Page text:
There are many questionable and potentially negative aspects of boat crewing – and we should be honest about it. First of all, you must realize that joining a boat crew will leave you stranded in the middle of the sea with a person or a group of people, and you will be spending all your time together. On an average MV or SV there is enough place to sleep but not too much to have your complete privacy. It is like Startrek, but no one will beam you out. The underwater life is as close to aliens as you can get though.
So, how much does it usually cost? Do I have to sell my kidney to go on a fantastic cruising trip? Normally, depending on the length and difficulty of the passage, and geographical specifics, captains charge between $10 and $25 per day towards food and drinks on board. All other expenses (yacht club and marina charges, maintenance, etc.) is normally paid by the captain. Some boat owners do not charge anything at all, but expect more dedicated work from you. Sometimes, if you have enough experience, you can even get paid for sailing or delivering a boat from one place to another, but that’s in the long run.
Every crew seeking website and every captain will recommend you first get on a short trip, up to one week at sea, to check if you are prone to sea sickness and douchebaggery. When the trial sailing is done, you may carry on as far as crossing the Atlantic or navigating the Pacific.
Now for the practical part, the useful links are:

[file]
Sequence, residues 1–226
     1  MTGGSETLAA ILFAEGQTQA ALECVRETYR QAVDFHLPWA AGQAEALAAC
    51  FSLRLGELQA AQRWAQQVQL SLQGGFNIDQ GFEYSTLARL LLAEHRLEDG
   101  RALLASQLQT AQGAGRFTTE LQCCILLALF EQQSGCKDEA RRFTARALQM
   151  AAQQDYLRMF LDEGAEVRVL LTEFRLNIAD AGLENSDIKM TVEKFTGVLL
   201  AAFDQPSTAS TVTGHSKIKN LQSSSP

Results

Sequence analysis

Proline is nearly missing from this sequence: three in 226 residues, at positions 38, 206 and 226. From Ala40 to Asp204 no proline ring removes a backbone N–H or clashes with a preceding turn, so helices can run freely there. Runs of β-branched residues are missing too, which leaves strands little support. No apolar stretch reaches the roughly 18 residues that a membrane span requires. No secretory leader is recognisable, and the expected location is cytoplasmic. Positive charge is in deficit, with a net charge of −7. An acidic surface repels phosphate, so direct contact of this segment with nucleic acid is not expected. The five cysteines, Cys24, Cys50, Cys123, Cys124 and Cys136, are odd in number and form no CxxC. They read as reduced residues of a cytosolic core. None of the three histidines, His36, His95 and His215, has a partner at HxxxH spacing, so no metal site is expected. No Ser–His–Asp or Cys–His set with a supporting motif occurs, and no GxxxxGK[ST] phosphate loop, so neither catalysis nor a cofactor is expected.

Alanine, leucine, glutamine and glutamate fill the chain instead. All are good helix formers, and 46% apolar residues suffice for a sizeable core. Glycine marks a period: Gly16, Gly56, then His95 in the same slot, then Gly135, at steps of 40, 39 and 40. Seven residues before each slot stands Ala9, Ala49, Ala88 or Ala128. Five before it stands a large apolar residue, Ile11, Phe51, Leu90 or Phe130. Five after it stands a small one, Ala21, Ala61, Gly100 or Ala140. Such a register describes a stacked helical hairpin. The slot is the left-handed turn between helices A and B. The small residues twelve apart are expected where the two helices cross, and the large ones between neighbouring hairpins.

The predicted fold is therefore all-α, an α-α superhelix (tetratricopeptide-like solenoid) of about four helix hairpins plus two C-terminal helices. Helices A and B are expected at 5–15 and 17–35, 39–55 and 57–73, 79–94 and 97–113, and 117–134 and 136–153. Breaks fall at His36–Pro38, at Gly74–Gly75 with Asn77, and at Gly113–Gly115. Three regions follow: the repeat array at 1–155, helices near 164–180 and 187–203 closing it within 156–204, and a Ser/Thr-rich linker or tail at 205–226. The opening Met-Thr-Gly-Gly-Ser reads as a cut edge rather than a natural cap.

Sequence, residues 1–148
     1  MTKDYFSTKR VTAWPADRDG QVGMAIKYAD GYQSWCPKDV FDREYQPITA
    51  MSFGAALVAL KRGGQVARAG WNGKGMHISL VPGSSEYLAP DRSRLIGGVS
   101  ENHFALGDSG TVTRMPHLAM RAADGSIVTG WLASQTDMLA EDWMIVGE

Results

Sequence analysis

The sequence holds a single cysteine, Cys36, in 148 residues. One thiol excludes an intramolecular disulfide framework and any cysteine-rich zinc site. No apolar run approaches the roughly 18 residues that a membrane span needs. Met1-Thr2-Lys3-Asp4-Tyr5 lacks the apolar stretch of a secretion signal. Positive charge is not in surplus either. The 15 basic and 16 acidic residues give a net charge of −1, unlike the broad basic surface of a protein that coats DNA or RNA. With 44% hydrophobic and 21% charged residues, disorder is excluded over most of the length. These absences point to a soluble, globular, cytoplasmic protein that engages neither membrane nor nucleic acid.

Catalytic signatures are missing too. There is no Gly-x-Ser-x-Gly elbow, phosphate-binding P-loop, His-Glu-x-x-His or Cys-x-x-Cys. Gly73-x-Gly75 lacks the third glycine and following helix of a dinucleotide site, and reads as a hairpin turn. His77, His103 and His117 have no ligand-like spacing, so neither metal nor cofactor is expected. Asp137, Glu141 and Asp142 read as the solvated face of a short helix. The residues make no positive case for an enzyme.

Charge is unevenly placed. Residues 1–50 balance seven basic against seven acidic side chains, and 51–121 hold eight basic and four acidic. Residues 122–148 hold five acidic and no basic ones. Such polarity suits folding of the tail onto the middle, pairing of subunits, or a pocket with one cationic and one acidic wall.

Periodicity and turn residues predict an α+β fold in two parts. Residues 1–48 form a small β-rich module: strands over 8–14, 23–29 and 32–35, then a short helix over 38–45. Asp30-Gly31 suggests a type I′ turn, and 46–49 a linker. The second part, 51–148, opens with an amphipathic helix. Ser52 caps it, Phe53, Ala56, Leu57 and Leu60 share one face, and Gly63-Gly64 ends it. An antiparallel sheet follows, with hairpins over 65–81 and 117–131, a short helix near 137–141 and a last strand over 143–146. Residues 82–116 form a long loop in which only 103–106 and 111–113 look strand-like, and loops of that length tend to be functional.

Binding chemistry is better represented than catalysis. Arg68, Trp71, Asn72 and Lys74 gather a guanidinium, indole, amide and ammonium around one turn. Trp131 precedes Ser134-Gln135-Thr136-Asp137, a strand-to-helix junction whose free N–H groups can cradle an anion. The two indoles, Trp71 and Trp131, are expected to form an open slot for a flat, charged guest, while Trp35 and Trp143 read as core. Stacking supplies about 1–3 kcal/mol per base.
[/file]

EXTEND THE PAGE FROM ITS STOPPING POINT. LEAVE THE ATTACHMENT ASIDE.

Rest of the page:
http://www.findacrew.net Is the major source for crew seekers, skilled crew members and first-timers. The registration is free, and with your basic account you can ’Send a wave’ to crew seekers. If they are interested, they will send their off-site contacts back to you.
http://www.floatplan.com Crewseeking classifieds, requires registration.
http://www.7knots.com Crewseeking classifieds, mostly for unpaid crew, no registration required.
http://www.worldcruising.com/forum/topics.aspx?ForumID=1 Requires registration.
http://www.crewseekers.net Free browsing. To contact yacht owners, registration needed. Also can follow their feed on twitter to get latest crew seeking ads.
http://www.crewbay.com/find-crew Free website to browse and access sailing opportunities.
http://www.sailingnetworks.com/boats/needed Advertises both charter and crewing opportunities, free access.
They are a weird bunch, the sailing folk, and for them the safety of their vessel and the well-being of the crew is a major concern. Safety instructions is probably the first thing you will hear upon getting aboard. For a while, sailing life for you may be just a pleasant working holiday, but perhaps you’ll get a taste of it and decide to turn it into a full-time job.
Safe sailing. Ahoy!